Author: Meghana Keshavan
Arp [CC BY-SA 3.0 (https://creativecommons.org/licenses/by-sa/3.0)]
Christian Angermayer is an unlikely proselyte of psychedelia: The German financier didn’t drink so much as a sip of beer for the first three decades of his life.
But five years ago, after careful consideration (and the encouragement of a personal physician), Angermayer boarded a yacht with a handful of his closest friends. They sailed into the crystalline, tropical waters of a jurisdiction in which such substances are legal (he is very emphatic on this point), and had his very first psychedelic trip. His entire worldview was changed.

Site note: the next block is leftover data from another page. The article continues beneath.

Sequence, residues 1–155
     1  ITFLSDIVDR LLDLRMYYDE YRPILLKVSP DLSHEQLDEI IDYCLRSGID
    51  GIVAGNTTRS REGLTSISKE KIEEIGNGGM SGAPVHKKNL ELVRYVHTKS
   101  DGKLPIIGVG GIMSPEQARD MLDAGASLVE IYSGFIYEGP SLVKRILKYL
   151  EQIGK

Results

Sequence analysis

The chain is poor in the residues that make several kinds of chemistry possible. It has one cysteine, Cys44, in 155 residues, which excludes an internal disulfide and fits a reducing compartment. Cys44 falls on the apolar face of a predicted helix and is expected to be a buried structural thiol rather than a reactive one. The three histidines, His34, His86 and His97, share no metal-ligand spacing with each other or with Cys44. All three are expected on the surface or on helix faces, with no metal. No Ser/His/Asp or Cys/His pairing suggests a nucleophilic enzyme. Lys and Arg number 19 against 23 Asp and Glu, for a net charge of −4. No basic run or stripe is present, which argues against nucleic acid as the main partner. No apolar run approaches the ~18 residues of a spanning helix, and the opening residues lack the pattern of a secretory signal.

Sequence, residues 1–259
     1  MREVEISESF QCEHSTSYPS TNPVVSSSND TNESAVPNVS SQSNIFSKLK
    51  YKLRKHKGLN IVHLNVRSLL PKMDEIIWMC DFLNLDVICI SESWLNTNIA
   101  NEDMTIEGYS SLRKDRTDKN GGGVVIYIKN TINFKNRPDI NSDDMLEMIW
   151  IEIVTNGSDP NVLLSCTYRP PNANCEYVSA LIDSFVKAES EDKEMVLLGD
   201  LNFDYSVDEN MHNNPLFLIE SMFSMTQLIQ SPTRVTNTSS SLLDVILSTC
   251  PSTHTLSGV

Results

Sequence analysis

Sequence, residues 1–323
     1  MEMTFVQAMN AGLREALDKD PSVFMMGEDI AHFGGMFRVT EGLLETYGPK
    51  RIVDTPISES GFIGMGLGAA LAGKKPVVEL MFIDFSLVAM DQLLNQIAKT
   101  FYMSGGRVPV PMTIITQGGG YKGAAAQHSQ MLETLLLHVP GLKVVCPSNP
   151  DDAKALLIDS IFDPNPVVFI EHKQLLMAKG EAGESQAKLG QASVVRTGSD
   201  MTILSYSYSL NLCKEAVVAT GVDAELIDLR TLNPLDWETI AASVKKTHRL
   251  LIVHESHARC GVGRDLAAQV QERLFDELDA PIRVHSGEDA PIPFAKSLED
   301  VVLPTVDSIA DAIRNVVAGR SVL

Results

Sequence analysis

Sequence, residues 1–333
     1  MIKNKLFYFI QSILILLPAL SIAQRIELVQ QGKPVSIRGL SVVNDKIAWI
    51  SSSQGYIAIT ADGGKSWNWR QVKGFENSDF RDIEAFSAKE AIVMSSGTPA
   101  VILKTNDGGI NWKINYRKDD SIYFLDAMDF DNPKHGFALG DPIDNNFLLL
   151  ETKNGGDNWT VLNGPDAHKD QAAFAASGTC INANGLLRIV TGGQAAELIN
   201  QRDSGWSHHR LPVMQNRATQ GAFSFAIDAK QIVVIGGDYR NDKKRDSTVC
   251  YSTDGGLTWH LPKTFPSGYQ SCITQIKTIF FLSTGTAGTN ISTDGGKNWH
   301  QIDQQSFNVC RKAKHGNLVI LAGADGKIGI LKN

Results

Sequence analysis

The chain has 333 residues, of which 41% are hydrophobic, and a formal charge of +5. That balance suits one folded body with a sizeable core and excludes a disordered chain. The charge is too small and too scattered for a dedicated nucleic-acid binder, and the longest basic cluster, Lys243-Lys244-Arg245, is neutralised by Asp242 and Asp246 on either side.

“It was the single most meaningful thing I’ve ever done or experienced in my life,” said Angermayer, 40. “Nothing has ever come close to it.”
The first thing Angermayer did after the experience was call his parents and tell them, with a newfound conviction, that he loved them. Then, being a consummate entrepreneur, he quickly identified a business opportunity: He would commercialize psychedelics.
Today, with a net worth of roughly $400 million accrued through various enterprises, Angermayer is one of the driving forces behind the movement to turn long-shunned psychoactive substances, like the psilocybin derived from so-called magic mushrooms, into approved medications for depression and other mental illnesses. Though he still resolutely won’t touch even a drop of alcohol, he has banded together a team of like-minded entrepreneurs — including Silicon Valley billionaire Peter Thiel — to invest in a handful of startups focused on developing psychedelics.
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